On Jan. 22, 2018, thousands of members of the ETF industry will be enjoying the second day of the 11th annual Inside ETFs Conference in Hollywood, Florida.
On Jan. 22, 1993, however, there was no such thing as the ETF industry. The first – and for a while, only – ETF launched that day, an event that at the time seemed insignificant but in hindsight represented a watershed moment for the investing community.
The SPDR S&P 500 ETF Trust (SPY) celebrates its 25th birthday this year and every investor, financial advisor and ETF issuer out there owes a lot to SPY.
While Nottingham’s existence predates SPY, initially it wasn’t something we paid much attention to because of our initial focus on the mutual fund industry. It was only in the late 90s that I realized the fund represented a paradigm shift that would shape investors for decades to come.
Think about how much the process of investing has changed. Whereas initially there were a handful of index funds that followed SPY, today we are staring down the barrel of cryptocurrency ETFs, actively managed ETFs and even marijuana ETFs! My, how far we’ve come.
I liken the advent of SPY to the first computer. The first computer filled up an entire room and could only accomplish very limited tasks. But it represented a groundbreaking, significant moment – just like the creation of SPY.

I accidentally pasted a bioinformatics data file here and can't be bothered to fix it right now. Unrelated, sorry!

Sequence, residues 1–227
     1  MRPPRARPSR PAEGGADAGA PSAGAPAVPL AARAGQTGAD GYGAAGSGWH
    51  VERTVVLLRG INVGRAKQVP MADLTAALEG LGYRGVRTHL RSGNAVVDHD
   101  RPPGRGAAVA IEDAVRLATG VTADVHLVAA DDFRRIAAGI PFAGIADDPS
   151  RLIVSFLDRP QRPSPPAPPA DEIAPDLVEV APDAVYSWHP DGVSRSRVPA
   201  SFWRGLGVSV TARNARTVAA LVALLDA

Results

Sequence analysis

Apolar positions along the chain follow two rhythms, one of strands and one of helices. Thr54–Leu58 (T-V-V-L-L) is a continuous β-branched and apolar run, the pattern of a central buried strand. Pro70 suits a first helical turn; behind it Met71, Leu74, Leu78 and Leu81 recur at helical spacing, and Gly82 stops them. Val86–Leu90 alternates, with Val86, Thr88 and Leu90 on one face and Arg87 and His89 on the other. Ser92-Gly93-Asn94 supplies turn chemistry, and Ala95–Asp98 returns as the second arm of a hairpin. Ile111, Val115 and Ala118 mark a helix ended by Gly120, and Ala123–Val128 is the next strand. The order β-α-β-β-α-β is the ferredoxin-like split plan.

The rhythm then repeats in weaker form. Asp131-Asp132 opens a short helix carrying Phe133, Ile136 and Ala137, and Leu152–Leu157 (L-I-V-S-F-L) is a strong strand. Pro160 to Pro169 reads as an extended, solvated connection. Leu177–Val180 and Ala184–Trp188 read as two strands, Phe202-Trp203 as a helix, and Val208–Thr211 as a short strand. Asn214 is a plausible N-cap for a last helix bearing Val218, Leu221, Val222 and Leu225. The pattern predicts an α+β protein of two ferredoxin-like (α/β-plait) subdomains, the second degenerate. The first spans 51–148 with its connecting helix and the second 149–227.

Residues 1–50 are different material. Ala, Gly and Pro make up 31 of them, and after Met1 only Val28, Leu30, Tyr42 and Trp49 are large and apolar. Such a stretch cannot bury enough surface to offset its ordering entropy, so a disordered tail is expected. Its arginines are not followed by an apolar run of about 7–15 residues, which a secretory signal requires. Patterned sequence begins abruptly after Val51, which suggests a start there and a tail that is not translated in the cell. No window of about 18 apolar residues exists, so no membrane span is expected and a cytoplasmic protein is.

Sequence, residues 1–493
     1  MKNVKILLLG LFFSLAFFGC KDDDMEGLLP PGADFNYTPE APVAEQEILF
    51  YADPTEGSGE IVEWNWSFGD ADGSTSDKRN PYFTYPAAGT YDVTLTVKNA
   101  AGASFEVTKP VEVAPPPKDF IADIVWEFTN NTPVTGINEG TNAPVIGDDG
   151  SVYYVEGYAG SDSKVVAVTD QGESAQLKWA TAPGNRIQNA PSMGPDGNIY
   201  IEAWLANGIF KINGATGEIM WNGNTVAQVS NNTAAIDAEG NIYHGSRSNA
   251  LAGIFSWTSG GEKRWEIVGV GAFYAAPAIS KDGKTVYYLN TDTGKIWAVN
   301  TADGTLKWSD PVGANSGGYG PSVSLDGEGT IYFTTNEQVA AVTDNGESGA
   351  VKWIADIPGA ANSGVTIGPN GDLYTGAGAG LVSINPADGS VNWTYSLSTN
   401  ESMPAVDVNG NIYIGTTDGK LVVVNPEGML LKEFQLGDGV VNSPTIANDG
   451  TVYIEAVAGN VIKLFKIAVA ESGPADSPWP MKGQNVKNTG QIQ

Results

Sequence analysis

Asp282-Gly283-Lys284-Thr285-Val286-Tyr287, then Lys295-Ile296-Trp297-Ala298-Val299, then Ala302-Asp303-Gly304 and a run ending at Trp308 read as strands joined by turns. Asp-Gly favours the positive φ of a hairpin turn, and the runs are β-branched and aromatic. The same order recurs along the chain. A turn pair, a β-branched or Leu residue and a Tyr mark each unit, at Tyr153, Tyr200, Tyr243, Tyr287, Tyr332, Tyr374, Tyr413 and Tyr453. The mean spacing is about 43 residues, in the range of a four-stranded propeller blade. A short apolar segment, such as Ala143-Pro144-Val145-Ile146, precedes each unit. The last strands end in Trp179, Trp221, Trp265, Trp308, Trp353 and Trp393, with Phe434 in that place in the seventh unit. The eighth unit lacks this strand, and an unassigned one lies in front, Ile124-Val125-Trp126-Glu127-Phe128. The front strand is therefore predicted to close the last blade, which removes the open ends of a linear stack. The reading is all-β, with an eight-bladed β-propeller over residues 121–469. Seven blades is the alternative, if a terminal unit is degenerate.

Certainly, the past quarter-century has upended the investment industry. So what do the next 25 years hold?
- Smart beta: Already something that is disrupting ETFs, we will continue to see managers utilize the convenience of the ETF structure and apply smart beta strategies.
- Mutual funds will continue to lose market share: While we don’t anticipate mutual funds ever going extinct, we do believe that ETFs will continue to overtake them and eventually capture more market share.
- The race to zero will slow down: It makes sense for index funds to charge a very low fee, but the economics don’t work for active. ETFs are expected to have a cost-efficient structure, but issuers need to hire top talent to manage an active strategy. We need to change the conversation about returns to account for the cost of attracting the most brilliant active managers.
As the ETF industry descends upon The Diplomat in Florida to celebrate, learn and network, we can owe it all to SPY.